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# AIC with ALSs

A Locked Set is a group of cells (that can all see each other) of size N where the number of candidates in those cells is equal to the size of the group. That is N cells contain N candidates. A solved cell or a clue is a Locked Set where N=1, but such a cell is not useful. The smallest useful Locked Set is a Naked Pair (where N=2) as in the [2,8] set in the diagram. The next smallest Locked Set is a Naked Triple (N=3) and so on.
An Almost Locked Set (ALS) is N cells containing N+1 candidates. In the context of Alternating Inference Chains in this solver, an ALS is of size N=2 and the number of different candidates in those cells is 3, although bigger ALS groups are possible. So an ALS of size 2 will be a two Conjugate Pairs plus one other candidate. In the diagram above the [2,8] pair are joined by a stray 6 which stops it being a useful Naked Pair.

Lets continue with this ALS.

While solving a puzzle I am hunting around for Inference Chains and perhaps I find my chain turns ON the 6 in cell C4. That will remove all other 6s in the box including the 6 in our ALS. If that 6 is OFF then we create an on-the-fly Naked Pair.

Now, a Naked Pair eliminates candidates in the row or column (or box) it is aligned on so we can use this elimination property as part of our chain. This is the trick! By removing the 6 in B5 we fix 2 and 8 into those two cells so we can look along the row at other 2s and 8s and turn them OFF. This I do in cell B9. From there I can continue the inference chain. You get two cracks of the whip: check both branches - the 2s and the 8s in the pseudo Naked Pair.

A real life example now. This chain contains an ALS on the cells {G6,H6} (I used squiggly brackets to denote ALS as opposed to square brackets for Grouped Cells). 9s in row H are the entry point. We turn 9 ON in H2 which turns OFF the 9 in H6 - the extra candidate that makes the ALS an ALS. This gives us a Naked Pair of [5,7] that points up column 6 turning OFF the 7 in F6 and the chain continues.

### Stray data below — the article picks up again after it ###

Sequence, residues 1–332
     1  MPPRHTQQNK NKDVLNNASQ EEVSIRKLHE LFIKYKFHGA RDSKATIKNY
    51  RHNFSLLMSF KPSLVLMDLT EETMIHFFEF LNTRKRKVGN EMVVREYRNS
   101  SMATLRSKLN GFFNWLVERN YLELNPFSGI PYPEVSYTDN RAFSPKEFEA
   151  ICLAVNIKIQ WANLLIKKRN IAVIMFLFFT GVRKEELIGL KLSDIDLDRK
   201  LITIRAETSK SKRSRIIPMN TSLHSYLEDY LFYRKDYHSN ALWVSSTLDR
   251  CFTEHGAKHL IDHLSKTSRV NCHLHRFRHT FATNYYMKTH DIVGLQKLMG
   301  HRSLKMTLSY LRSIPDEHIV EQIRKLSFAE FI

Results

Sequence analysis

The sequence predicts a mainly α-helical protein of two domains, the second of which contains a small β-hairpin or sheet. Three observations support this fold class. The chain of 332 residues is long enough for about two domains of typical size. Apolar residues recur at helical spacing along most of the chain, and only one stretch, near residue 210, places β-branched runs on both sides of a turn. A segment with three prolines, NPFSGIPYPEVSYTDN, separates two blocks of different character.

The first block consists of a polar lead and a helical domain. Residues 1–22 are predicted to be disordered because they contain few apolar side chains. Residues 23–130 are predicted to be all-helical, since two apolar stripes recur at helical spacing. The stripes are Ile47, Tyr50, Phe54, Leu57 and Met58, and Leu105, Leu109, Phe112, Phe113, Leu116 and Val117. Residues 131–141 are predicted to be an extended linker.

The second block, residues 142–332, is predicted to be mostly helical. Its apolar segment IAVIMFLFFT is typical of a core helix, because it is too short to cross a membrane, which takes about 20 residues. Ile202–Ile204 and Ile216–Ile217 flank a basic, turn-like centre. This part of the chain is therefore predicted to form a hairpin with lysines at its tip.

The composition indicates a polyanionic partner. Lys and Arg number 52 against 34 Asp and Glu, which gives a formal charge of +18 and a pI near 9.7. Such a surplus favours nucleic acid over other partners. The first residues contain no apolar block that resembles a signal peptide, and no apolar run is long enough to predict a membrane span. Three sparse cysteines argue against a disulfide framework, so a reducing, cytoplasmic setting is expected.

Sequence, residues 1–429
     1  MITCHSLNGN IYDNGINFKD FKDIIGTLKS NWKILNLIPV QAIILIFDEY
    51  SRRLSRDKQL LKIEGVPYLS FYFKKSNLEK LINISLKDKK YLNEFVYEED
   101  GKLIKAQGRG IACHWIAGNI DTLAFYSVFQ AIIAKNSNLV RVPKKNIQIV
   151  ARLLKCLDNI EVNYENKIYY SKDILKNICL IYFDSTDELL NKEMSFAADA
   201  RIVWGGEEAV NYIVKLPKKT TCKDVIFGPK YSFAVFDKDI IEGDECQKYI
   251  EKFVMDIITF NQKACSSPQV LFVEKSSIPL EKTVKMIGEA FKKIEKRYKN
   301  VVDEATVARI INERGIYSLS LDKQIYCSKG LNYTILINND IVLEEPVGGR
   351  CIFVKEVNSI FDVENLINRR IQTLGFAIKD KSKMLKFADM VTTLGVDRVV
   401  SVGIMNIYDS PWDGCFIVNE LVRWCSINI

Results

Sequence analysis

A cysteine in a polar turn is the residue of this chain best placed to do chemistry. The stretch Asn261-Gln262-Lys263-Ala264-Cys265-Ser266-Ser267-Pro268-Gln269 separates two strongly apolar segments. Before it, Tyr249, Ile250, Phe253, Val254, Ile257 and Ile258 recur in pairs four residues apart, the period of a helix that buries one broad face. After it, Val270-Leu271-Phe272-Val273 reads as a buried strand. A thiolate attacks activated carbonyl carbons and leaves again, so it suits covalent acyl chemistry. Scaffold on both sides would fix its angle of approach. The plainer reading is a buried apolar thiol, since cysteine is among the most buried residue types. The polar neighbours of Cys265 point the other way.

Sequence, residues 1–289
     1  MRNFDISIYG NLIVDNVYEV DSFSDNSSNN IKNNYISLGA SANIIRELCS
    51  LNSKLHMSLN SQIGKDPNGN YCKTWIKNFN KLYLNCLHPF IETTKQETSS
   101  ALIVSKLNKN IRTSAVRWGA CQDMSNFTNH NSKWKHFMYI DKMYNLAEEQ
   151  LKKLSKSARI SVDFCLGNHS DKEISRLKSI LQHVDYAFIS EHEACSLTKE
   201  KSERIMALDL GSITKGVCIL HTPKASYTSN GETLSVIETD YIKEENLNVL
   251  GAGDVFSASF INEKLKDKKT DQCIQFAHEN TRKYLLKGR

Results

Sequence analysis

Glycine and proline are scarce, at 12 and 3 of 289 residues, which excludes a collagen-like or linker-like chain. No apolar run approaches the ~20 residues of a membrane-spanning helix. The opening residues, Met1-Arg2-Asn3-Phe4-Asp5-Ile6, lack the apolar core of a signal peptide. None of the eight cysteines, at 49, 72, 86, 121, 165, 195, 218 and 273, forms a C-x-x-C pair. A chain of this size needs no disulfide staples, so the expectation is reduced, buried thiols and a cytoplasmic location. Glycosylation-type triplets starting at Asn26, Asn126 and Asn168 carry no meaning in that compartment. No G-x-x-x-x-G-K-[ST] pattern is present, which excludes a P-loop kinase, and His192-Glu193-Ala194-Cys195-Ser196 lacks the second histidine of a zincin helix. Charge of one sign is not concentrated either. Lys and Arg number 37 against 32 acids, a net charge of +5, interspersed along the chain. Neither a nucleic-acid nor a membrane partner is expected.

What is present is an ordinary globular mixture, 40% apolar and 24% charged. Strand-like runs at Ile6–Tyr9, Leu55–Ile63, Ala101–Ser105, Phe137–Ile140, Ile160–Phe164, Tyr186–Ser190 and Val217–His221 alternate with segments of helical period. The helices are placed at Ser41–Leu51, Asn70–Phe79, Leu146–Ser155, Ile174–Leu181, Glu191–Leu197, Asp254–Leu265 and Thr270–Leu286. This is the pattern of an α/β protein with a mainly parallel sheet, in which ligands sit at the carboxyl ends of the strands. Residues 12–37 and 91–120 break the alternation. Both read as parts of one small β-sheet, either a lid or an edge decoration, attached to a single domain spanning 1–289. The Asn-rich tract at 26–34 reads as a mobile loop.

Ultimately we use Nice Loop Rule 2 to place 4 in A4
AIC on 4 (Discontinuous Alternating Nice Loop, length 12):
-4[A4]+4[D4]-7[D4]+7[D2]
-7[H2]+9[H2]-9[H6]+7{H6|G6}
-7[F6]+4[F6]-4[A6]+4[A4]
- Contradiction: When 4 is removed from A4 the chain implies it must be 4 - other candidates 2/5 can be removed

This second example uses a chain to kill off-chain candidates, which is Nice Loop Rule 1. The ALS is in {F1,F4} and consists of [1/3/8] and [1/3] respectively. We turn off the extra candidate, 8 in F1 to enable the Naked Pair to be formed.
Alternating Inference Chain
AIC Rule 1: -3[B5]+6[B5]-6[B8]+6[D8]-8[D8]+8[D1]-8[F1]+3{F1|F4}-3[F3]+3[B3]-3[B5]
- Off-chain 6 taken off B9 - weak link: B5 to B8
- Off-chain candidates 1 taken off cell D8, link is between 6 and 8 in D8
- Off-chain 8 taken off F2 - weak link: D1 to F1
- Off-chain 8 taken off F3 - weak link: D1 to F1
- Off-chain 8 taken off J1 - weak link: D1 to F1
- Off-chain 3 taken off B4 - weak link: B3 to B5

 Go back to AICs with Grouped Cells Continue to Using Unique Rectangles as Links in Chains

Article created on 12-April-2008. Views: 65363
This page was last modified on 23-April-2016.
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